This week we will again be looking at another great white grape variety from Campania – Fiano bianco. This is a very antique variety that existed during Roman times and is said to come from the area around Avellino. I have never had the good fortune to visit Avellino but have an old friend who hails from that city. He was quite the “cavaliere” (a man who is chivalrous) in the best sense of the term and that image of certain people and grape varieties remains in my mind.
Fiano grows best in volcanic soils. It produces wines with distinct minerality, good acidity and aromas and flavors of fruit, flowers and nuts. While it is usually vinified into dry wine, it can also be used in the production of late harvest or sweet wines. It grows in both Campania and Puglia.
This white grape variety is often blended with other indigenous varieties such as Greco, Trebbiano and Coda di Volpe in the denominazione d’origine controllata (D.O.C.) wines. It is also often made into a mono varietal wine, Fiano d’Avellino became a denominazione d’origine controllata e garantita (D.O.C.G.) in 2003.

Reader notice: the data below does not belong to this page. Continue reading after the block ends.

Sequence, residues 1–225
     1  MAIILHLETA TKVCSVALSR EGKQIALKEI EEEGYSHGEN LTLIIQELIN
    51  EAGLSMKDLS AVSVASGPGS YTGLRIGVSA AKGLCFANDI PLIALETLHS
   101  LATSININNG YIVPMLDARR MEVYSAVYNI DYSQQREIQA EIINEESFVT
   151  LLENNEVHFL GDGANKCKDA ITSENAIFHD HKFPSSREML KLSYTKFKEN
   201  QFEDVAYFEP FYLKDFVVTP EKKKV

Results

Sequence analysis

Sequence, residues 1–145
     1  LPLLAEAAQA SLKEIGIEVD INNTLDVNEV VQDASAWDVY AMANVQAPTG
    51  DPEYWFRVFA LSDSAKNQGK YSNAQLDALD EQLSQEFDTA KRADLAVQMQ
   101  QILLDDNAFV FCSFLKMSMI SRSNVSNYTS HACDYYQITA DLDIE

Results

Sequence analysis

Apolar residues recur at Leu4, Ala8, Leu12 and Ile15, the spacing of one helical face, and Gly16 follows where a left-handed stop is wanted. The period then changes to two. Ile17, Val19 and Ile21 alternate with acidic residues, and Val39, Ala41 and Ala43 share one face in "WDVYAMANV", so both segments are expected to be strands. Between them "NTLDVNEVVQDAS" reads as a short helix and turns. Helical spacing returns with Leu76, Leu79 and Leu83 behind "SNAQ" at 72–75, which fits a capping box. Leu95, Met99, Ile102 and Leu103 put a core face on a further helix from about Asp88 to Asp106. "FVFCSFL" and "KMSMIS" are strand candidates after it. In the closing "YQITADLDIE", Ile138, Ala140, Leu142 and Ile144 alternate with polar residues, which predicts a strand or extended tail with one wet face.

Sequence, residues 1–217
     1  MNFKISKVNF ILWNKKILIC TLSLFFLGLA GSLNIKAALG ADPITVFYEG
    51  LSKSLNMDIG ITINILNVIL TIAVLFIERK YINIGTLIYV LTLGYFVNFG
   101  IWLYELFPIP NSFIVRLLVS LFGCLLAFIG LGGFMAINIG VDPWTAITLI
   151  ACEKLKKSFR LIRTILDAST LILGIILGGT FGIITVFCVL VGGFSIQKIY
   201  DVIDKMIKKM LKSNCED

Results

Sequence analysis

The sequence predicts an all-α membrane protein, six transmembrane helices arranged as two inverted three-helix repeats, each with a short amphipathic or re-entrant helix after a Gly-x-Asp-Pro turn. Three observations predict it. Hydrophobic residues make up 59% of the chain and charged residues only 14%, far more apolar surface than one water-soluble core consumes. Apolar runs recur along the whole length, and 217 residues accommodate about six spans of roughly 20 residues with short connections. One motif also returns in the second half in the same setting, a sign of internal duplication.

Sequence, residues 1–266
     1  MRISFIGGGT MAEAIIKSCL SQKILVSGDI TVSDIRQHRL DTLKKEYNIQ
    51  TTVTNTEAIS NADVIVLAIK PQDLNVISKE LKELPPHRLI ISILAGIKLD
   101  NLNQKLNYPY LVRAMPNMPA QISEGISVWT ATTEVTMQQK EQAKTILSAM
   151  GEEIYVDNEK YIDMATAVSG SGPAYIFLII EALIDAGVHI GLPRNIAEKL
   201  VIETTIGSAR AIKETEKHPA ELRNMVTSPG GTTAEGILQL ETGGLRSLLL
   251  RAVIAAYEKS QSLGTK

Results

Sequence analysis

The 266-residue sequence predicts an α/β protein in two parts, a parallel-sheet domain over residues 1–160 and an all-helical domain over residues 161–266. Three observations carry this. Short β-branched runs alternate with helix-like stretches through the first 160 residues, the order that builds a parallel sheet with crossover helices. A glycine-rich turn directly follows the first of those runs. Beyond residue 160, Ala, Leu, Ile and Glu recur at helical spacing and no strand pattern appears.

Wonderful examples of Fiano are available in the United States including those of Mastroberardino, a 10th generation winery with its headquarters located in Irpinia. Fiano from Feudi di San Gregorio, is another widely distributed wine in the U.S. A third very well-know winery that makes a great Fiano that is available in the U.S. is Terredora.
Fiano is a great wine for the summer, fall and spring. I also like it in winter if I am having something to eat which calls for a full-bodied wine. Insomma, a very versatile wine. If you don’t know the grape, you should make a point of getting familiar with this very ancient variety.